Muscat: The shale-gas boom led by the US has triggered interest in the Middle East to explore and tap unconventional gas resources as the US has indicated it is willing to share its experience in this field.
This was the message delivered at the SPE Middle East Unconventional Gas Conference and Exhibition (UGAS) which began yesterday at the Al Bustan Palace – A Ritz Carlton Hotel.
The three-day event, opened by Nasser bin Khamis al Jashmi, under secretary at the ministry of oil and gas, is focused on the theme 'Unconventional and tight gas: bridging the gaps for sustainable economic development.'
During his speech on the opening day, Bill Roby, vice-president (Worldwide Engineering and Technical Services), Occidental oil and gas, asserted that there are many challenges in developing unconventional gases, but by applying the correct technologies in the right places, these challenges can be overcome.
He further noted that "a couple of questions arise with reference to the Middle East, such as: Can unconventional gas be profitable? Will unconventional gas unit costs compete with new large sour gas projects? These will need to be tackled."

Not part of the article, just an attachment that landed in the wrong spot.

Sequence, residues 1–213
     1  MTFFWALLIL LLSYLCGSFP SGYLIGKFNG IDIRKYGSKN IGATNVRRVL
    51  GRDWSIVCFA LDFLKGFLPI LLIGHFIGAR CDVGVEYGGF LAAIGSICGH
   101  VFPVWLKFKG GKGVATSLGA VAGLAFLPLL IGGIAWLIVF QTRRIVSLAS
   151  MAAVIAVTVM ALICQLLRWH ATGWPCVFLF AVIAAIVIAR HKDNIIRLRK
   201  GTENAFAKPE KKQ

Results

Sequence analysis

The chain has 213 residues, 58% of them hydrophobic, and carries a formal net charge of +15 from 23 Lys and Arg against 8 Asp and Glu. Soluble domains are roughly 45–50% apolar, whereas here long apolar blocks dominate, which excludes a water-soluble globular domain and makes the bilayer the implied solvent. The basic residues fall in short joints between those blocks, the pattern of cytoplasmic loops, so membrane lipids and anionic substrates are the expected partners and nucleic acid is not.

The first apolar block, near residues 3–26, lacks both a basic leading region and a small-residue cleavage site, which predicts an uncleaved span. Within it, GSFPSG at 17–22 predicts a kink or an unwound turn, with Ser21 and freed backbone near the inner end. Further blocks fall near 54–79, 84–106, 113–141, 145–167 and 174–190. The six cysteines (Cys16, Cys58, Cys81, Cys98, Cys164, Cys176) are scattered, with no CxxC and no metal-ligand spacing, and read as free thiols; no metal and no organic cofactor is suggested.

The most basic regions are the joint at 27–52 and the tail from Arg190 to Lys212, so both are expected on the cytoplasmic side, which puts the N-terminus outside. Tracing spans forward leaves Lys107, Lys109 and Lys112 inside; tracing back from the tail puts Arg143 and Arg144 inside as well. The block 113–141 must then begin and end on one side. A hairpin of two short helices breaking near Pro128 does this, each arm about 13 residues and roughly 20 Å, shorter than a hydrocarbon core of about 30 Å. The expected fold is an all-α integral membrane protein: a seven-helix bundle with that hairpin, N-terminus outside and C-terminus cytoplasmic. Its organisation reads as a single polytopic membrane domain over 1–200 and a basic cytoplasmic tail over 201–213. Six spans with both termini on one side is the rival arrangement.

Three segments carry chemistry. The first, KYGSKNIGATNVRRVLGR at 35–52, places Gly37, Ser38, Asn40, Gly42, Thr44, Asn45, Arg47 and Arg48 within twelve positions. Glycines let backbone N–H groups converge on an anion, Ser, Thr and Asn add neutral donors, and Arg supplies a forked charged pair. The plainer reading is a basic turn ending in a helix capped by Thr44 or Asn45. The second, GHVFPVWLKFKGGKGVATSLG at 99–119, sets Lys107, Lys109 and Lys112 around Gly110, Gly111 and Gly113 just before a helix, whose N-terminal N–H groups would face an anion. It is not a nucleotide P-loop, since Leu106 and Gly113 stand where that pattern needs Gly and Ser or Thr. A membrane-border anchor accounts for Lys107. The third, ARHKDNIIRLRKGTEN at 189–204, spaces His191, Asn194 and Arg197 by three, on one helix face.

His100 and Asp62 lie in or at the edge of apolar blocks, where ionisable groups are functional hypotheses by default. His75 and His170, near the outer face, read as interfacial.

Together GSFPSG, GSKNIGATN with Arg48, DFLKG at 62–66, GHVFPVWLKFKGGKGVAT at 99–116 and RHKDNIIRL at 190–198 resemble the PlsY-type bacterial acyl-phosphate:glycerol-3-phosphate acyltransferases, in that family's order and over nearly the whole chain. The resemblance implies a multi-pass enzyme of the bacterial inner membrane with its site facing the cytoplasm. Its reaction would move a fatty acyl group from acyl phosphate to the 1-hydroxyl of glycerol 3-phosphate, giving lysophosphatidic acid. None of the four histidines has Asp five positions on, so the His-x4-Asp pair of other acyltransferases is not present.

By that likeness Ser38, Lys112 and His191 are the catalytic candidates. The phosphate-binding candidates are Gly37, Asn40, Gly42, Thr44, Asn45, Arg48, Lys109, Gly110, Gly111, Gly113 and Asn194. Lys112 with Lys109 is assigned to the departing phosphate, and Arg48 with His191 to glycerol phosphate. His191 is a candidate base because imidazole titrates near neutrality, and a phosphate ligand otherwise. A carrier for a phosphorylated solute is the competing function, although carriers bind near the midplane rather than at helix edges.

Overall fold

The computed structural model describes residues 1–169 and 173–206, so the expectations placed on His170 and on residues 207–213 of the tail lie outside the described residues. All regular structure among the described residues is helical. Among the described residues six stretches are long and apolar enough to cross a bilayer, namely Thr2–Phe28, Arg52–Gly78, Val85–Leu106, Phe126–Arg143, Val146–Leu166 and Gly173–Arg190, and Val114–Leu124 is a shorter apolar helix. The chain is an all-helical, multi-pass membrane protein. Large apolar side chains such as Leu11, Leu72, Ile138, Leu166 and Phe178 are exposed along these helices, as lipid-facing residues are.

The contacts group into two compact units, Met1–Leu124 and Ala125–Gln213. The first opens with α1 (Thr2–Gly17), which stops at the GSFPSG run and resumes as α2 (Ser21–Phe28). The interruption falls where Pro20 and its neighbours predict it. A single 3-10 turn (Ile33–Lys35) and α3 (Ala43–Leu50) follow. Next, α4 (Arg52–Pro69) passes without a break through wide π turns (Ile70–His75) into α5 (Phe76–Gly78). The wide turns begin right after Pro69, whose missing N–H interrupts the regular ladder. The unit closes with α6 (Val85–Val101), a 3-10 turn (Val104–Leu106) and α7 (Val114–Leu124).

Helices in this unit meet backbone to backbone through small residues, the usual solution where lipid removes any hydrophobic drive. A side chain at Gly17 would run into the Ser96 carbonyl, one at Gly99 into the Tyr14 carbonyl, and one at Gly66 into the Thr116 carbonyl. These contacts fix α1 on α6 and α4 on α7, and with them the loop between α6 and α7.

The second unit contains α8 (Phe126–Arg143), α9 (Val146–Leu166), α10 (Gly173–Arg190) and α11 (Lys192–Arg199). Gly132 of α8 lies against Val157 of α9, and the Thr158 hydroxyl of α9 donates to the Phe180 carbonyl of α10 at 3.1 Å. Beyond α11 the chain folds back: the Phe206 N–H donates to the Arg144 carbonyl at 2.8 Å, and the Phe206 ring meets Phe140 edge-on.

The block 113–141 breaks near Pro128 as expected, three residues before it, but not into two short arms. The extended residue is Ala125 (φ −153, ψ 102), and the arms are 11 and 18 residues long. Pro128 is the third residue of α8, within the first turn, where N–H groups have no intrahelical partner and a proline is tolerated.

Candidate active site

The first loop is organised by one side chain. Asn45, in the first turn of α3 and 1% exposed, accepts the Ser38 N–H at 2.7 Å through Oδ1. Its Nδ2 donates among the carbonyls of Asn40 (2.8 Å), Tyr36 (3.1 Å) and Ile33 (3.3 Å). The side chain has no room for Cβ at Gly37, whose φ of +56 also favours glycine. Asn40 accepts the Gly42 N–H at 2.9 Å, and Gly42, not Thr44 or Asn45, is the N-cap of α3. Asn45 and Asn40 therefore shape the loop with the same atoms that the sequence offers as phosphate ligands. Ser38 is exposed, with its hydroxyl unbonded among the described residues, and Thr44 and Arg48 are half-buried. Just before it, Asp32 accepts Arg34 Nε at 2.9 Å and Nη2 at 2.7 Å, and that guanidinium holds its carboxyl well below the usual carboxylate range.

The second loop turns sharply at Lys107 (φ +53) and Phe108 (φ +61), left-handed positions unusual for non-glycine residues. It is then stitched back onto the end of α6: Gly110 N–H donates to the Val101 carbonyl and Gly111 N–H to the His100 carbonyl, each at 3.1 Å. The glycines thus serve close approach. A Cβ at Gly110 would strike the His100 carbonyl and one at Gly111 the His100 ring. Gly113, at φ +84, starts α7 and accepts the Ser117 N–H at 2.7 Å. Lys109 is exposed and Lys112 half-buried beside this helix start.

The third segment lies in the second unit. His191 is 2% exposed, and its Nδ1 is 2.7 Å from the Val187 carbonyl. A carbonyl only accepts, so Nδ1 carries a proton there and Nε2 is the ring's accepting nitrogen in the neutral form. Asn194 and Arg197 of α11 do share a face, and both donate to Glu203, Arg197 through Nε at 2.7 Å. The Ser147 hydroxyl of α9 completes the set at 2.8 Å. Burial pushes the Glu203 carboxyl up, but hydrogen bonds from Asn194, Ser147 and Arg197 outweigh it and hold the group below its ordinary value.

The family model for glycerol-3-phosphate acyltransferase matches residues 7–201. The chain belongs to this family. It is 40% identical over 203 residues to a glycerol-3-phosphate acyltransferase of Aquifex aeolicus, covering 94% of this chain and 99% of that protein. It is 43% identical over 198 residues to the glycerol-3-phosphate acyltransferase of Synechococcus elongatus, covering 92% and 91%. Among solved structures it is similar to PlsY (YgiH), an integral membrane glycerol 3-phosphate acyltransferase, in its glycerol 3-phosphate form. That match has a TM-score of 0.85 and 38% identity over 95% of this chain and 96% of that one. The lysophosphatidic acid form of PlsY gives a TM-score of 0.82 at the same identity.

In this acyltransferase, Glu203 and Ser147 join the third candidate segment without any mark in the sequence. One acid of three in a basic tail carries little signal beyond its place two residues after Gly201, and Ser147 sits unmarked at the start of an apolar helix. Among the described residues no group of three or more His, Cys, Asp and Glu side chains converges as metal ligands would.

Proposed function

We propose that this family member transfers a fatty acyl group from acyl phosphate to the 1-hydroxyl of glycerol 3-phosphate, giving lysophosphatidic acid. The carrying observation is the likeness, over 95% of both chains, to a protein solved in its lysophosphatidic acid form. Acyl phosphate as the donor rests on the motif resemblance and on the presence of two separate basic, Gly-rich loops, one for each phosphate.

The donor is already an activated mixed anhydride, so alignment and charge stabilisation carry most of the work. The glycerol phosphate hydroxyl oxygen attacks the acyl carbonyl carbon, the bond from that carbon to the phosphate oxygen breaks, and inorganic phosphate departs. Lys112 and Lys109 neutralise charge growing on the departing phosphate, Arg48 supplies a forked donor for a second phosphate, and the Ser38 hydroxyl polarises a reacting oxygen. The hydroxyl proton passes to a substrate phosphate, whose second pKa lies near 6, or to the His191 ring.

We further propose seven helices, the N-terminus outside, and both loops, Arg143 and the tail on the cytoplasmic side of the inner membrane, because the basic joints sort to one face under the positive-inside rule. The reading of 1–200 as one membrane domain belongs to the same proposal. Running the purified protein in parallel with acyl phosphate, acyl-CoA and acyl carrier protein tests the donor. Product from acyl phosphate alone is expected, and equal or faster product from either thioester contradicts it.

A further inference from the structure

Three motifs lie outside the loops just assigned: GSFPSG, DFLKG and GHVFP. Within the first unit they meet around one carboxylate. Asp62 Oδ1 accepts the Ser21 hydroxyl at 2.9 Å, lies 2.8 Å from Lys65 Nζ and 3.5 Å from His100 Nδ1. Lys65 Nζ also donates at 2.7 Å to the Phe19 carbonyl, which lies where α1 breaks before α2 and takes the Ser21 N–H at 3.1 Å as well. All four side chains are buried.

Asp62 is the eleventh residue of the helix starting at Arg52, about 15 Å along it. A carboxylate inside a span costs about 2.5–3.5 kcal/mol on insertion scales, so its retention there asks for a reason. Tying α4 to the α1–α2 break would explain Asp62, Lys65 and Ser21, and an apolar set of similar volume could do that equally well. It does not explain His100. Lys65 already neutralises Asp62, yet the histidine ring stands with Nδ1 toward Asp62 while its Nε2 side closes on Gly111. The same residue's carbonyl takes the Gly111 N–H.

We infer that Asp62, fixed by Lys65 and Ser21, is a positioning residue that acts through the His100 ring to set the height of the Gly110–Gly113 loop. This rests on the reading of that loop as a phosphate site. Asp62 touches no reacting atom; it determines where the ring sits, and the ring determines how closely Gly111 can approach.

Also, Robert Frimpong from Wintershall Middle East later spoke on opportunities, challenges and rewards available to the industry. He said that with shale gas expertise now coming from abroad, countries are able to tap their unconventional gas resources.
He added, "Though this production started in the US, it is good to see it moving to other countries."
Further, Zaid bin Khamis Al Siyabi from the Ministry of Oil and Gas, who is the UGAS executive committee chairman, said that "Results from recent gas explorations and appraisal activities in the Middle East indicate that the region holds substantial unconventional gas resources, especially tight gas.
"Regardless of the existence of highly productive conventional gas fields in this region, tight gas related exploration and appraisal activities in several countries have increased and are expected to accelerate in the coming months."
Al Siyabi added, "With improved knowledge, as well as the development of innovative and more advanced technologies in drilling, fracturing, completion, and evaluation, as well as its extensive application in North America, the production of unconventional gas can be made more economically feasible and much more efficient to develop."
Others who spoke included Darryl Willis, vice-president, Resource, North American Gas, BP, and Egbert Imomoh, non-executive chairman and co-founder, Afren and Colin Davies from Hess Corporation.
During the conference the view emerged that shale gas development has proven to be a success in North America and this can be applied to Oman, though it might require a different working model.